Therapy options

This application helps to propose an appropriate fertility therapy method and to find the most suitable clinic worldwide based on the price, duration and legislative options of the treatment in various countries.

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Partial ovariectomy treatments

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During ICSI just one sperm is injected directly into the egg cytoplasm using a micromanipulative apparatus that transforms imperfect hand movements into fine and precise movements of micromanipulation tools.

Intracytoplasmic Sperm Injection (ICSI) is an assisted reproductive technique (ART) initially developed by Dr. Gianpiero D. Palermo in 1993 to treat male infertility. It is most commonly used in conjunction with in vitro fertilization (IVF). Following IVF procedure, the physician places the fertilized egg into the female’s uterus for implantation. Sperm are obtained by the same methods as with IVF: either through masturbation, by using a collection condom, or by surgically removing sperm from a testicle through a small incision (MESA, TESE). The females are treated with fertility medications for approximately two weeks prior to oocyte retrieval to stimulate superovulation, where the ovaries produce multiple oocytes rather than the normal one oocyte. The oocytes are retrieved by either laparoscopy, or more commonly, transvaginal oocyte retrieval. In the latter procedure, the physician inserts a thin needle through the cervix, guided by a sonogram and pierces the vaginal wall and then the ovaries to extract several mature ova. Before the embryologist can inject the sperm into the oocyte, the sperm must be prepared by washing and exposing it to various chemicals to slow the sperm movement and prevent it from sticking to the injection plate. Also, the oocytes are treated with hyaluronidase to single out the oocyte ready for fertilization by the presence of the first polar body. Then, one prepared sperm is injected into an oocyte with a thin needle. Often, embryologists try to fertilize several eggs so they can implant more than one into the uterus and increase the chance of at least one successful pregnancy. This also allows them to save extra embryos, using cryopreservation, in case later IVF rounds are needed.

After the embryologist manually fertilizes the oocytes, they are incubated for sixteen to eighteen hours and develop into a pronucleate eggs (successfully fertilized eggs about to divide into an embryo). The egg then grows for one to five days in the laboratory before the physician places it in the female’s uterus for implantation.

The chance of fertilization increases dramatically with ICSI compared to simply mixing the oocytes and sperm in a Petri dish and waiting for fertilization to occur unaided (classical IVF procedure). Studies have shown that successful fertilizations occur 50% to 80% of the time. Since the introduction of ICSI, intrauterine insemination (IUI) has decreased in popularity by 80%.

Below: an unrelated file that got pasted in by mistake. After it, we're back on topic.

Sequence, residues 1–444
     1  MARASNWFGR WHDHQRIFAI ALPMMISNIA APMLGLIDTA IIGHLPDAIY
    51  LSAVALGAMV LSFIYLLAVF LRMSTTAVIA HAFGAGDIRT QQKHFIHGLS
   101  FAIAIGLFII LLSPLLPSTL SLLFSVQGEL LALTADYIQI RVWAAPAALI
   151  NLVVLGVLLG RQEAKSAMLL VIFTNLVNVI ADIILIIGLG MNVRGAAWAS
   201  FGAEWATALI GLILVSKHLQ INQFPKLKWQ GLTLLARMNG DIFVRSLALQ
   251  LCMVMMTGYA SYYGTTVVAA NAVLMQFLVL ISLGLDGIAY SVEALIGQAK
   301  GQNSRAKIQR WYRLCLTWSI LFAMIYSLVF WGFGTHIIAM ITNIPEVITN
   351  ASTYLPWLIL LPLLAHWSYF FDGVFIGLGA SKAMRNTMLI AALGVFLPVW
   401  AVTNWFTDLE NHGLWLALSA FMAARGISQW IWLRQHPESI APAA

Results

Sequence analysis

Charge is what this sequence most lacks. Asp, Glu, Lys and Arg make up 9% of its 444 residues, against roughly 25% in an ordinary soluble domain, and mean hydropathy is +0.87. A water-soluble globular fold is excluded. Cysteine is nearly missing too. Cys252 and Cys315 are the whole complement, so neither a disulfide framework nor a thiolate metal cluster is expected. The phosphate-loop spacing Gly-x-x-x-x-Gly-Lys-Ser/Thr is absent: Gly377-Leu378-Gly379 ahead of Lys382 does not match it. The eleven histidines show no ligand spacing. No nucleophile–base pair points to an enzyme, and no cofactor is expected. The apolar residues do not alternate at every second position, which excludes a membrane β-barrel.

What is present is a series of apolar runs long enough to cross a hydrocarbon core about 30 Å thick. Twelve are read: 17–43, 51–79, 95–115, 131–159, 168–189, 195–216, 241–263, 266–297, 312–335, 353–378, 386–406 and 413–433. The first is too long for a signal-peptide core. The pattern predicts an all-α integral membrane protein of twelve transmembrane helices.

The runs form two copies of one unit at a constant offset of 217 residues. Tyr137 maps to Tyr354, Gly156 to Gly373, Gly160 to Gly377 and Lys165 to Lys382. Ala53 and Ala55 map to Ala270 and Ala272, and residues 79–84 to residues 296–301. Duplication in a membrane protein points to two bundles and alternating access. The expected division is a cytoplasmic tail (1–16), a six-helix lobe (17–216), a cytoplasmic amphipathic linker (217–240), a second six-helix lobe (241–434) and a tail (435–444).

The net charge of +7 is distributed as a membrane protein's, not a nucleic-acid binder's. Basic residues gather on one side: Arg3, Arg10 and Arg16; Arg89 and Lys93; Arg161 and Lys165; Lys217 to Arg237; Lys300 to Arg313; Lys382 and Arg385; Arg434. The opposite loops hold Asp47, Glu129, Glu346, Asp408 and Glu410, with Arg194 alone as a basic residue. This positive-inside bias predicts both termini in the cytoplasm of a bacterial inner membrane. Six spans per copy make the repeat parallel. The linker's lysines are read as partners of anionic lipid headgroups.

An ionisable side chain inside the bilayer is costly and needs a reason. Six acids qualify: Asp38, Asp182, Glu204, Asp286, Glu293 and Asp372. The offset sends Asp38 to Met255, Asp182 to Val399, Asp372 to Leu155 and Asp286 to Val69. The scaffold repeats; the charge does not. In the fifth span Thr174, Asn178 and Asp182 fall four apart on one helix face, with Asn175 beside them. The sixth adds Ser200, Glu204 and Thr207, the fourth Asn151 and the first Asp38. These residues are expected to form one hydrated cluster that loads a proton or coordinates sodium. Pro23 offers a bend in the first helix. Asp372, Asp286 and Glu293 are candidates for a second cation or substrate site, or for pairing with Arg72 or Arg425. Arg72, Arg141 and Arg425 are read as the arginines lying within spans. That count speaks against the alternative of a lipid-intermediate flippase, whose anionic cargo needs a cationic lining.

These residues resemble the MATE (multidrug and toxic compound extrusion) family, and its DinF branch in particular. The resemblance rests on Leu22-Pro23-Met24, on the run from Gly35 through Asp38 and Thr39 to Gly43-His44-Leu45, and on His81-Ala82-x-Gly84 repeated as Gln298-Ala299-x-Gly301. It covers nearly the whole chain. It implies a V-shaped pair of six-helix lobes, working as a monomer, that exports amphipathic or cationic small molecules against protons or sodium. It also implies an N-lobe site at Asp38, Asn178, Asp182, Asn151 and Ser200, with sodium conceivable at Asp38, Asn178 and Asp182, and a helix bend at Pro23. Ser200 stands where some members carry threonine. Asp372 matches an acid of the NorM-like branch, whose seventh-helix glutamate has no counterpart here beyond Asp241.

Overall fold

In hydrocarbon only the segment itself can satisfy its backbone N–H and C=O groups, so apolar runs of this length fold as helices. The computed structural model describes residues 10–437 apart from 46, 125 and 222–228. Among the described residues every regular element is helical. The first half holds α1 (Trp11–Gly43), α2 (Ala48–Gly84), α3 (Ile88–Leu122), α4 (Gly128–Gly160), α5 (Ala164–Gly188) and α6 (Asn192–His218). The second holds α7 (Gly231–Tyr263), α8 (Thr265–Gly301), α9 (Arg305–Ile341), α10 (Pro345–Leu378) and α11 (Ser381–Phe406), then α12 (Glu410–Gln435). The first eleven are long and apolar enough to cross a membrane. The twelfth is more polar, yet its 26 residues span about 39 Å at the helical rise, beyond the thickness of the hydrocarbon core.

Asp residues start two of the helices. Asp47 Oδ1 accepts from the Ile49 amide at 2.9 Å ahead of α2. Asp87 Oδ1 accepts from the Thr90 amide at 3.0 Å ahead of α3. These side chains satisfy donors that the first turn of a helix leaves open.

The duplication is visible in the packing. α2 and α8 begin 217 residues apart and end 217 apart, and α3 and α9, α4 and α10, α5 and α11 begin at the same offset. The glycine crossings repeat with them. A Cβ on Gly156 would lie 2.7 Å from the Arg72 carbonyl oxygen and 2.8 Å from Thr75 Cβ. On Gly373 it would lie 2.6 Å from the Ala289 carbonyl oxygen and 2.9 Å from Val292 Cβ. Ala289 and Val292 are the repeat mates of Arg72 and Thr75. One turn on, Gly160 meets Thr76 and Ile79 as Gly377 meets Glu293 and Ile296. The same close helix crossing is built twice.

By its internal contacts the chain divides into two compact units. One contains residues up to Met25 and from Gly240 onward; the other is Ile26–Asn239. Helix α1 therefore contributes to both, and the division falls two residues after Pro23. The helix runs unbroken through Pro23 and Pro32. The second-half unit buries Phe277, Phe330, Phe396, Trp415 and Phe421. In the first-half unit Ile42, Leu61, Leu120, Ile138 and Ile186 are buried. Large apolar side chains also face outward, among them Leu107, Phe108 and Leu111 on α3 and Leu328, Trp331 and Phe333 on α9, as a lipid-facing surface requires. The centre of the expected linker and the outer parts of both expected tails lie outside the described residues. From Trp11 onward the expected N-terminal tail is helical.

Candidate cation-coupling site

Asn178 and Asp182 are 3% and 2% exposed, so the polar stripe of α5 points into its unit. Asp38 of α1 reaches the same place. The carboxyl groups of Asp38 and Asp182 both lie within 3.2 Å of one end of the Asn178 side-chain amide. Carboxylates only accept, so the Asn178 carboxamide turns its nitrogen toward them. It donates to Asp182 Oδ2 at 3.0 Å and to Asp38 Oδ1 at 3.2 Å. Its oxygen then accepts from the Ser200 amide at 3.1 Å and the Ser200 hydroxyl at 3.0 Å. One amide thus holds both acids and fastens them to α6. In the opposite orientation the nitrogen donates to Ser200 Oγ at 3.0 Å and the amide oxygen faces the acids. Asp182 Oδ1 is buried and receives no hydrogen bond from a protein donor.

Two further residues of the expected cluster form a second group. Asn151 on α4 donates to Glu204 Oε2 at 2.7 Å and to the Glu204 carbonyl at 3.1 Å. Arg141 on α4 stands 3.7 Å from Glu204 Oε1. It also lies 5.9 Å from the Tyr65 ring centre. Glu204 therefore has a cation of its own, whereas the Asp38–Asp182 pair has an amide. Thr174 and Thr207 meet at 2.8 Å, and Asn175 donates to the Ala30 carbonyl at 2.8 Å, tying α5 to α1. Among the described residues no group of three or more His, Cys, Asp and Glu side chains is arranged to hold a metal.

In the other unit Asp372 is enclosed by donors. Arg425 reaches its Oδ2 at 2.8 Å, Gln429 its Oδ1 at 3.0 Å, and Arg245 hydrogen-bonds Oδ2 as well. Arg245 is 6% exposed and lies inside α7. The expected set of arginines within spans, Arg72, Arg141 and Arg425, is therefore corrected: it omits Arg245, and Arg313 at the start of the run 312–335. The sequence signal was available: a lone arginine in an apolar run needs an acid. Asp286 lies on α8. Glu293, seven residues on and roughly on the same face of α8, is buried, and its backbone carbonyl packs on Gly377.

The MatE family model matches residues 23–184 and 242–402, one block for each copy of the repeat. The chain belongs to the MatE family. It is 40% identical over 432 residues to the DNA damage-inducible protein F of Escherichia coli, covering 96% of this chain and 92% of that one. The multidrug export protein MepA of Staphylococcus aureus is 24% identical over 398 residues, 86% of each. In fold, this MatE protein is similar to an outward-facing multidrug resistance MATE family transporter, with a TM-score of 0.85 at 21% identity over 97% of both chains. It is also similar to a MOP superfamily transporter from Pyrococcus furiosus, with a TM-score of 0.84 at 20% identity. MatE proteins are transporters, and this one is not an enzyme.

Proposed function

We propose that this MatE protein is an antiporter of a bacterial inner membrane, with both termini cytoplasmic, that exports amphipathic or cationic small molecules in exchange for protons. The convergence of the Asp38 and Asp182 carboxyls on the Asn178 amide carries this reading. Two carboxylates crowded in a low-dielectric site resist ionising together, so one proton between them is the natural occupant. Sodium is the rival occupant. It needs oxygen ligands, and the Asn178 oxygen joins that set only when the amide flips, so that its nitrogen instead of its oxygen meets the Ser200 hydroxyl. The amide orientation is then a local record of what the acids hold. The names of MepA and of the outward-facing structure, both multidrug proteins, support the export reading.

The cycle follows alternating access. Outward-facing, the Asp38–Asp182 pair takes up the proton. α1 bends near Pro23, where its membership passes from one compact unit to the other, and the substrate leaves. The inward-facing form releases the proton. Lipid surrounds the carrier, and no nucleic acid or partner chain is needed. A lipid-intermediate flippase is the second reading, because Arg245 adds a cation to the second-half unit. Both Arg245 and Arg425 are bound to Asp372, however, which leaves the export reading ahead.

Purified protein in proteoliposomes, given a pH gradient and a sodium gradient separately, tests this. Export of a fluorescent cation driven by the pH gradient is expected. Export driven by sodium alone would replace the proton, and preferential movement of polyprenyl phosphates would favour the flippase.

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Standard IVF

In vitro fertilization (IVF) is a process by which an egg is fertilised by sperm outside the body: in vitro . The process involves monitoring and stimulating a woman's ovulatory process, removing an ovum or ova (egg or eggs) from the woman's ovaries and letting sperm fertilise them in a liquid in a laboratory. The fertilised egg (zygote) is cultured for 2–6 days in a growth medium and is then implanted in the same or another woman's uterus, with the intention of establishing a successful pregnancy.

IVF techniques can be used in different types of situations. It is a technique of assisted reproductive technology for treatment of infertility. IVF techniques are also employed in gestational surrogacy, in which case the fertilised egg is implanted into a surrogate's uterus, and the resulting child is genetically unrelated to the surrogate. In some situations, donated eggs or sperms may be used. Some countries ban or otherwise regulate the availability of IVF treatment, giving raise to fertility tourism. Restrictions on availability of IVF include to single females, to lesbians and to surrogacy arrangements. Due to the costs of the procedure, IVF is mostly attempted only after less expensive options have failed.

The first successful birth of a "test tube baby", Louise Brown, occurred in 1978. Louise Brown was born as a result of natural cycle IVF where no stimulation was made. Robert G. Edwards, the physiologist who developed the treatment, was awarded the Nobel Prize in Physiology or Medicine in 2010. With egg donation and IVF, women who are past their reproductive years or menopause can still become pregnant. Adriana Iliescu held the record as the oldest woman to give birth using IVF and donated egg, when she gave birth in 2004 at the age of 66, a record passed in 2006.

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How can Partial ovariectomy affect fertility

Partial ovariectomy is used in cases where fertility preservation is expected, because ovaries are not removed completely as with total ovariectomy. Thus, permanent infertility is not common; however some women who undertake a partial oophorectomy suffer from ovarian failure. The loss of fertility can be due to an accelerated loss of follicles, an inability of the remaining follicles to respond to ovulatory signals, an initially reduced ovarian reserve at the time of birth, or a combination of all.

Pic. 1: Ovary
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